Wasn’t WWII Debt Bigger than Obama’s Stimulus Package?
Question: According to many, especially conservative economists who wish to denigrate FDR’s efforts to end the Great Depression, the spending for WWII was ultimately responsible for our recovery from that era’s fiscal disaster, more than his many other stimulus strategies.
Be that as it may, is it true or false that the debt we incurred from WWII was about twice as big as the stimulus packages floated so far by the Obama administration? Ancillary question: How long did it take to pay it off?
(I think it was, and I think our consternation about our current situation stems more from our failure to appreciate just how large our economy is, and how strong and productive an engine of prosperity it is, than from any real danger this indebtedness may represent to our long-term survival.)
If I’m wrong, please don’t shame me before millions.
Paul Solman: Dear Ford: I will not shame you before millions, only the thousands who read this page.
Just kidding. I will not shame you at all, for two reasons. First, I’m not that kind of guy. Second, you’re right – about the size of our national debt during WWII, that is. And you’re also right about the conventional wisdom with respect to getting out the Great Depression: The war did it.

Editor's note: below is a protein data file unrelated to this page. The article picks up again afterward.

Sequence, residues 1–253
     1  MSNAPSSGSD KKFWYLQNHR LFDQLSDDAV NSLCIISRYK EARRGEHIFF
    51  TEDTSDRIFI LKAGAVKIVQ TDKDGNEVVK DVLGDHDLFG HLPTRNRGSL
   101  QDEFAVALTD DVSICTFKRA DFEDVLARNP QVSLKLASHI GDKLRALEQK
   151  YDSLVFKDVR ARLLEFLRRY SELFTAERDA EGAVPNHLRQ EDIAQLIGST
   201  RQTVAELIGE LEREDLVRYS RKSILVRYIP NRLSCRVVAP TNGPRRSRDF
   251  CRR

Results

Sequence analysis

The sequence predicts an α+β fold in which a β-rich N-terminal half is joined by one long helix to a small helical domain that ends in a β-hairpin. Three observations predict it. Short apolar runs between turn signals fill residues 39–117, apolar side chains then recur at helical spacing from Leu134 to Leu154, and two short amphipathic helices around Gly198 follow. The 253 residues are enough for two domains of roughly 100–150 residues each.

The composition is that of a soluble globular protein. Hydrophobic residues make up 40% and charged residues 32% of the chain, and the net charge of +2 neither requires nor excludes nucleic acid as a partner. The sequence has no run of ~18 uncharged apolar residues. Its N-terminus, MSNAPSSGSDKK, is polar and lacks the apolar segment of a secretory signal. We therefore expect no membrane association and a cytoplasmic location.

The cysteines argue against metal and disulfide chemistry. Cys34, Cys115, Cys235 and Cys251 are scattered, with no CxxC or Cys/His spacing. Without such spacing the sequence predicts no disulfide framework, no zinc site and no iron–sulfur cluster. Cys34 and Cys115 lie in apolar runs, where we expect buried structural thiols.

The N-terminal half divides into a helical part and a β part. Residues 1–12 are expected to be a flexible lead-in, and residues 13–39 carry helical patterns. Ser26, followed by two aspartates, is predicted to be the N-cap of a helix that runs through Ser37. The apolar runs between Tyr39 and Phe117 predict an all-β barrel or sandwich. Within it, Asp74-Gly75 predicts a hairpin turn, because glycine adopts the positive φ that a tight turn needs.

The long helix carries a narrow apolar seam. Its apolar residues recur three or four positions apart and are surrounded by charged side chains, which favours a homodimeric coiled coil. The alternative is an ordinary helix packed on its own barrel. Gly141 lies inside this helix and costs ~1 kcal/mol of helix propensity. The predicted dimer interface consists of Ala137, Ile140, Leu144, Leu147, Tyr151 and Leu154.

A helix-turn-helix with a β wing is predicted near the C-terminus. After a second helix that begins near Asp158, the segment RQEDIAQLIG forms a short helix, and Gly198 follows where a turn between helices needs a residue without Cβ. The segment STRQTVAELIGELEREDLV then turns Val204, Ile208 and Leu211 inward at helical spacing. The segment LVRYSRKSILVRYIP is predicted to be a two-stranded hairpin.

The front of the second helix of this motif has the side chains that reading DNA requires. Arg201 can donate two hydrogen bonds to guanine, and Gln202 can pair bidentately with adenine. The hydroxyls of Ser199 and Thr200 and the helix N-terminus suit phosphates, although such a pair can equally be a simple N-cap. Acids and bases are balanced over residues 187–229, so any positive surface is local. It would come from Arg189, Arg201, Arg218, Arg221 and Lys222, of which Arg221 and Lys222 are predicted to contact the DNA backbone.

Personally, I’m not sure about the role of war as it’s traditionally presented. After a decade of depression and another five years of war and rationing, maybe a boom was just around the corner in any case. (Or maybe not. We’ll never know.)
As to paying off the debt, we never did. All those cumulative deficits add up to the national debt, and it has grown steadily since the birth of the republic. As a percentage of the economy (GDP), it has dipped and risen, but it’s rising again and that IS a cause for concern, if only because the interest cost on the debt is money we can’t use for a lot of very desirable things.
Remember: The knock on the Federal deficit, ever since the Reagan years, has been that these shortfalls are PEACETIME deficits. If we were running budget SURPLUSES when the Great Downturn hit, there’d be a lot less concern today about future inflation and “how are we going to pay for the debts we’re running up?”
Your answer is the traditional one: We’ll grow our way out of hock with a vibrant, burgeoning economy. I sure hope you’re right.